The surgery can be corrective to address excess skin which may be unsightly and can result in skin irritation, infections and issues with hygiene. The excess skin may result from weight loss following bariatric surgery, diet and exercise or following pregnancy.
The decision to undergo brachioplasty surgery is significant and adjustment to change in appearance needs be considered in addition to the process of post operative recovery.
The aim of such consultation is to ascertain patient expectations and to identify potential limitations to achieving those expectations such as the extent of skin excess, skin quality and adiposity. Brachioplasty surgery is best considered when a patient’s weight has been stable for at least 3 months. In appropriate patients, liposuction can be used as an adjunct to the brachioplasty procedure. The Surgeon will discuss this with you during the consultation.
It is important that the Surgeon is aware of previous surgery and history of scarring along with significant medical history including a tendency for easy bruising and excessive bleeding, deep venous clots involving the legs, all prescription and non prescription medication, allergies to anaesthetic agents, antibiotics and dressings, history of smoking and psychological or psychiatric issues. These issues are important as they have the potential to affect the surgery, anaesthesia, potential complications and recovery.
If necessary, further medical consultation may be necessary to minimize complications including consultation regarding blood thinning agents which may need to be ceased or commenced in preparation for surgery. If advised by the Surgeon, it may also be necessary to cease medication such as the Oral Contraceptive Pill. It is important to avoid Aspirin, Disprin and non-steroidal anti inflammatory medication such as Nurofen in addition to herbal medication such as Garlic, Ginseng, Ginko and Fish and Krill oil two weeks prior to and after surgery. It is essential that smoking ceases six weeks prior to and after surgery to minimize the risk of surgical wound complications and anaesthesia. Nicotine containing products can also affect wound healing and should be ceased two weeks prior to and after surgery.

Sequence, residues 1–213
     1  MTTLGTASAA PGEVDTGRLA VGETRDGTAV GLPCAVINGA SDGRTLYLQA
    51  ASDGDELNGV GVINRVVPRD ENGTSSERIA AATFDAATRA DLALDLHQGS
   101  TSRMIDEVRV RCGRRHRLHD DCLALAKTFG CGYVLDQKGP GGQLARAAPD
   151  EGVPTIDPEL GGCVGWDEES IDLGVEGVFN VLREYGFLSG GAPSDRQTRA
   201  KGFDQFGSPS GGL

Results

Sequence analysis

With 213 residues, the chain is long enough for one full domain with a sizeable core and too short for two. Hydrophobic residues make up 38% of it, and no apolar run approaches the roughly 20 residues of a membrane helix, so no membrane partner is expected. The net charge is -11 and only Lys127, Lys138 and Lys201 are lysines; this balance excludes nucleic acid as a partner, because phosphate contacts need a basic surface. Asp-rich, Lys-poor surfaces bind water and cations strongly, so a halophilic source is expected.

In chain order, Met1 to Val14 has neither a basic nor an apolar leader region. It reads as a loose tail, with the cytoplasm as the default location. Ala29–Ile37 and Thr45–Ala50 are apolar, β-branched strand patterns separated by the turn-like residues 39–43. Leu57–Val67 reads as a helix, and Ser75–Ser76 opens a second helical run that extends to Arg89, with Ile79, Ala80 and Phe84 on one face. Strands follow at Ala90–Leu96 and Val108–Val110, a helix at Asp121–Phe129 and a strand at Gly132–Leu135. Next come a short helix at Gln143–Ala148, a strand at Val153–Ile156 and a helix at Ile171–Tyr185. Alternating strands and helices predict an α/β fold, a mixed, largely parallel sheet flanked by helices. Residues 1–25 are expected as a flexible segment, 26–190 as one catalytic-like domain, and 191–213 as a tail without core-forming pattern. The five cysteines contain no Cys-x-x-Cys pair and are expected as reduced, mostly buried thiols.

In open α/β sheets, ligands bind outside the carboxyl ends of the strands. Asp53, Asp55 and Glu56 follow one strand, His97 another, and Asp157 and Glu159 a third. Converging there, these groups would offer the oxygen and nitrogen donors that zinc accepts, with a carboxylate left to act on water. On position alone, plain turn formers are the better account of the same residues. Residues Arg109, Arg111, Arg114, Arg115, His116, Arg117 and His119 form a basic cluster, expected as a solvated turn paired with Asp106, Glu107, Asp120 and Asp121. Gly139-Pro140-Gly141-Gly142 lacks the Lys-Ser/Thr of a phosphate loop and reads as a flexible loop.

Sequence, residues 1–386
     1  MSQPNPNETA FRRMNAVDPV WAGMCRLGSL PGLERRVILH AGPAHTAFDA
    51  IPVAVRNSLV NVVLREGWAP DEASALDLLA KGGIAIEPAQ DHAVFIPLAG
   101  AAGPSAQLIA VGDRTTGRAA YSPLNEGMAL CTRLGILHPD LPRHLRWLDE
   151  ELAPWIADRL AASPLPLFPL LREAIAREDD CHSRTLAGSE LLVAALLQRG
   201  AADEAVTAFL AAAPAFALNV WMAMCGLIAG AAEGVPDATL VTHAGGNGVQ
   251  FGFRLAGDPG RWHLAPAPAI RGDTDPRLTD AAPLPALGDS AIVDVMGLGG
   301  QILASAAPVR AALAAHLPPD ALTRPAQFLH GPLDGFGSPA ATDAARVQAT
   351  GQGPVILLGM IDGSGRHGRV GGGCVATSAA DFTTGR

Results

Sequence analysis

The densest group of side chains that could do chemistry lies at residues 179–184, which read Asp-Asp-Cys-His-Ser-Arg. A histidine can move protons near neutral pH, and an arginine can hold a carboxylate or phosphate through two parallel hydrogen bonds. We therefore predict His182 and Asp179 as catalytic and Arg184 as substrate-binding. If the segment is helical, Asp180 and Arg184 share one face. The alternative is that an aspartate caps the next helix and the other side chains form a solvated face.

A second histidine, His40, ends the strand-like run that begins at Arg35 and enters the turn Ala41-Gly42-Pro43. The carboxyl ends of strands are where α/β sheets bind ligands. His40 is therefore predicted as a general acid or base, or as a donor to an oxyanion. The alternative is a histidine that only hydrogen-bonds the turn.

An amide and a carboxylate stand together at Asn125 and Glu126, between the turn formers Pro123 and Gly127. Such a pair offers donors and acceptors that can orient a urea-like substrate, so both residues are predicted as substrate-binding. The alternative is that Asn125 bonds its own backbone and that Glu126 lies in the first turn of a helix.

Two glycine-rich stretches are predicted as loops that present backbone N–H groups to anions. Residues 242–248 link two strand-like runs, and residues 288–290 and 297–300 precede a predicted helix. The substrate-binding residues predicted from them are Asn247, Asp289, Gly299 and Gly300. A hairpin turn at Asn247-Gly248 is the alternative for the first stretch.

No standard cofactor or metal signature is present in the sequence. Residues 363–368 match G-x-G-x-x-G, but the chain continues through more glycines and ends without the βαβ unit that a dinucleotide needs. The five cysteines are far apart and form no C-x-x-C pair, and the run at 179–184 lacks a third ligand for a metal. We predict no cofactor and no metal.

Diagnostic tests including blood tests may also be necessary for the Surgeon to obtain a complete assessment of bleeding tendencies and to optimise fitness for general anaesthesia.
A further significant aim of consultation is to facilitate understanding of the potential risks of brachioplasty surgery.
Risks which are infrequent but common to all operations include problem scarring such as keloid or hypertrophic scar formation, wound complications including infection, wound breakdown, haematoma formation (bleeding) or seroma formation (tissue fluid collection) in addition to the risk of further surgery to address these potential complications.
Risks specific to brachioplasty surgery which improve over eighteen months to two years include swelling and redness of the skin and numbness of the inner arms and forearms. Those specific risks which may require revisional surgery include asymmetry and dog-ear formation, which are contour irregularities at either end of the scar. Revisional surgery is necessary in approximately 5 per cent of patients who undergo brachioplasty surgery.
It is only at the culmination of the consultation process, after having the opportunity to have questions addressed by the Surgeon, should consent to brachioplasty surgery be given. The consent process will also include discussion regarding the costs of surgery and potential revisional surgery.
In Australia, surgeons are strongly discouraged from advertising a set price for a medical procedure. This is in line with the Guidelines for advertising of regulated health services by the Australian Medical Board. For this reason we do not include a cost per procedure on our website.